Seminar for Statistics

ZüKoSt: Seminar on Applied Statistics


Time/Place: every Thursday at 4.15 pm at the Main Building of ETH, HG G 19.1

Autumn Semester 2014


Date Speaker Title Time Location
16-oct-2014 (thu)
Frank Bretz
Adaptive Methods in Clinical Trials 16:15-17:00 HG G 19.1
Abstract: Clinical trials play a critical role in pharmaceutical drug development. New trial designs often
depend on historical data, which, however, may provide inaccurate information for the current study
due to changes in study populations, patient heterogeneity, or different medical facilities. As a
result, the original plan and study design may need to be adjusted or even altered to accommodate
new findings and unexpected interim results. The goal of using adaptive methods in clinical trials
is to enhance the flexibility of trial conduct as well as maintain the integrity of trial findings.
Through carefully thought out and planned adaptation, we can pinpoint the right dose faster, treat
patients more effectively, identify treatment effects more efficiently, and thus expedite the drug
development process. In this presentation we will provide an overview of various adaptive methods
for Phase I to Phase III clinical trials. Accordingly, different types of adaptive designs will be
introduced, such as adaptive modifications of treatment randomization probabilities, adaptive dose
escalation and dose finding trials, group sequential designs (including early termination), blinded
or unblinded sample size re-estimation, and adaptive designs for treatment or subgroup selection.

Frank Bretz (Novartis, Basel)

23-oct-2014 (thu)
Ingo Scholtes und Frank Schweitzer
Modeling Time-Varying Complex Networks: The Importance of Non-Markovianity 16:15-17:00 HG G 19.1
Abstract: Recent research has highlighted limitations of studying complex systems with time-varying topologies from the perspective of static, time-aggregated networks. Non-Markovian characteristics resulting from the ordering of interactions in time-varying networks were identified as one important mechanism that alters causality and affects dynamical processes. So far, an analytical explanation for this phenomenon and for the significant variations observed across different systems is missing. Summarizing our recent research in this area, in this talk we will introduce a methodology that allows to analytically predict causality-driven changes of diffusion speed in non-Markovian time-varying networks. In particular, we will summarize the so-called "ensemble perspective" which is commonly applied in the stochastic modeling of complex networks, and we will show first results on the extension of this ensemble perspective to time-varying networks.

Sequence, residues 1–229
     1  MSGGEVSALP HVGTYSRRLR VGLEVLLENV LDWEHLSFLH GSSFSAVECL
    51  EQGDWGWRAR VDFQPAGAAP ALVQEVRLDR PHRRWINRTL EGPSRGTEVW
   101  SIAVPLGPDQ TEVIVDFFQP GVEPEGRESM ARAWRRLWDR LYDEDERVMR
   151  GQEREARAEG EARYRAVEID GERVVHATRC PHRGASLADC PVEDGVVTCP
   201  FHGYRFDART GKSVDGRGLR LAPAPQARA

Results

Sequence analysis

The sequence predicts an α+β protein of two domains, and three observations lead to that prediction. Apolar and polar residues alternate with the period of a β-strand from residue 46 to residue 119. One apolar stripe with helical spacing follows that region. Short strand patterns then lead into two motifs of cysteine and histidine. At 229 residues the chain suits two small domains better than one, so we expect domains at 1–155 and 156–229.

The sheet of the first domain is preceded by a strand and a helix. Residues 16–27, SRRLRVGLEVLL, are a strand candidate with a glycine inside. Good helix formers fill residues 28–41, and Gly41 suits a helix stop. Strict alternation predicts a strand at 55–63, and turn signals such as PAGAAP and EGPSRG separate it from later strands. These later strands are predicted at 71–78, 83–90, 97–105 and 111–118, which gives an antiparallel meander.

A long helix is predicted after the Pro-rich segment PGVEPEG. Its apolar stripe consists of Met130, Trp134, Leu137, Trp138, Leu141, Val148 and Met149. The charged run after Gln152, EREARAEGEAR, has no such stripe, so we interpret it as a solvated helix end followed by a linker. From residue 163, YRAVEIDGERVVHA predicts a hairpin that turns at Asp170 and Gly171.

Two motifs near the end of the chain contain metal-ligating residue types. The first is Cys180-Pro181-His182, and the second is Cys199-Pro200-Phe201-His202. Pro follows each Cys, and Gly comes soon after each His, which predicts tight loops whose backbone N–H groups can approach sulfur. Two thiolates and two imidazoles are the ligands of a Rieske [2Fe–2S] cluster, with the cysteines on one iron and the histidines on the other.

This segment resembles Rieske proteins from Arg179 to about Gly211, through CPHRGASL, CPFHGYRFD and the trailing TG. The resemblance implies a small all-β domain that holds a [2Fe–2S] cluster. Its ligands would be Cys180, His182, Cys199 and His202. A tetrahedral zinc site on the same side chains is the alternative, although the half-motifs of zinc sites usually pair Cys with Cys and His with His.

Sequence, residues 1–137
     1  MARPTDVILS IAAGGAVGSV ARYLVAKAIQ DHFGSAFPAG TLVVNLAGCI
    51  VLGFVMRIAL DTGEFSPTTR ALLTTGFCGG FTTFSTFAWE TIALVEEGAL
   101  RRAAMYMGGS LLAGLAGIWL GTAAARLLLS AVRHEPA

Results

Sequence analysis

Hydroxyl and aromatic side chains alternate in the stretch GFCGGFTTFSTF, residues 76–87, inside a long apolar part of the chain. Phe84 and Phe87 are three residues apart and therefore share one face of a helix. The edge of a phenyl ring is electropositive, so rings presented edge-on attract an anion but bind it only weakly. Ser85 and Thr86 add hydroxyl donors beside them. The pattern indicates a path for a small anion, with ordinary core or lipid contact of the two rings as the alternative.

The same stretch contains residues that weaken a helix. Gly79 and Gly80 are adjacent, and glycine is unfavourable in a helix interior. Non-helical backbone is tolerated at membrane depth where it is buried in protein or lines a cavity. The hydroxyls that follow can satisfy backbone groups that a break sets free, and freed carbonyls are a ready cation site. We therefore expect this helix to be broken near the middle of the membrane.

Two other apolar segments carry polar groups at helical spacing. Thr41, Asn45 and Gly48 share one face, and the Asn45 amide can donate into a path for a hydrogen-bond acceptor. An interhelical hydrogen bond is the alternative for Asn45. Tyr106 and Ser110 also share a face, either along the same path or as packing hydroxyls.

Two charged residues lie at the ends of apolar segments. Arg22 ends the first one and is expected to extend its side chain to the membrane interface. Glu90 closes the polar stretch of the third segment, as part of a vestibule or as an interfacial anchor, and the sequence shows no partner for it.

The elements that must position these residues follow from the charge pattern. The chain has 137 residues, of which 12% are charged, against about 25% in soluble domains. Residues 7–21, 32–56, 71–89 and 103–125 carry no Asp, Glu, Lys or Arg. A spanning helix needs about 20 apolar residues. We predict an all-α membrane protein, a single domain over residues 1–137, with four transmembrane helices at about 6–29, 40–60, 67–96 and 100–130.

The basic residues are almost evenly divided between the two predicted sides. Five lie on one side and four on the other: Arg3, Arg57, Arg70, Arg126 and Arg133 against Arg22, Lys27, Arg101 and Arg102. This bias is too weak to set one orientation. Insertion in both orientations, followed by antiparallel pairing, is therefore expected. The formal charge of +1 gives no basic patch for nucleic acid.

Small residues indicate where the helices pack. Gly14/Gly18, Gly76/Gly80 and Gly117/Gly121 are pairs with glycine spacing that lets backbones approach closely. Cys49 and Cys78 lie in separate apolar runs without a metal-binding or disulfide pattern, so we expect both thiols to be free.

Ingo Scholtes und Frank Schweitzer (ETH Zürich (MTEC))

30-oct-2014 (thu)
Manuela Zucknick
Bayesian models for risk prediction with high-dimensional (integrative) genomics 16:15-17:00 HG G 19.1
Abstract: When using high-dimensional genomic data in cancer research, the identification of prognostic
factors, which can influence clinical parameters such as therapy response or survival outcome, and the evaluation of their prediction performance are some of the main issues. In these applications, the number of genome features p is usually much larger than the number of observations n (p >> n problem).
Penalized likelihood methods, for example lasso regression, are often applied in this context.
Frequentist lasso estimates correspond to Bayesian posterior mode estimates, when the regression
parameters have independent double-exponential priors. To better understand certain properties
of the lasso, it is useful to exploit this connection and to move to the Bayesian framework. I
will present a comparison study, where we investigated the lasso method in the frequentist and
Bayesian frameworks in the context of Cox models for survival endpoints.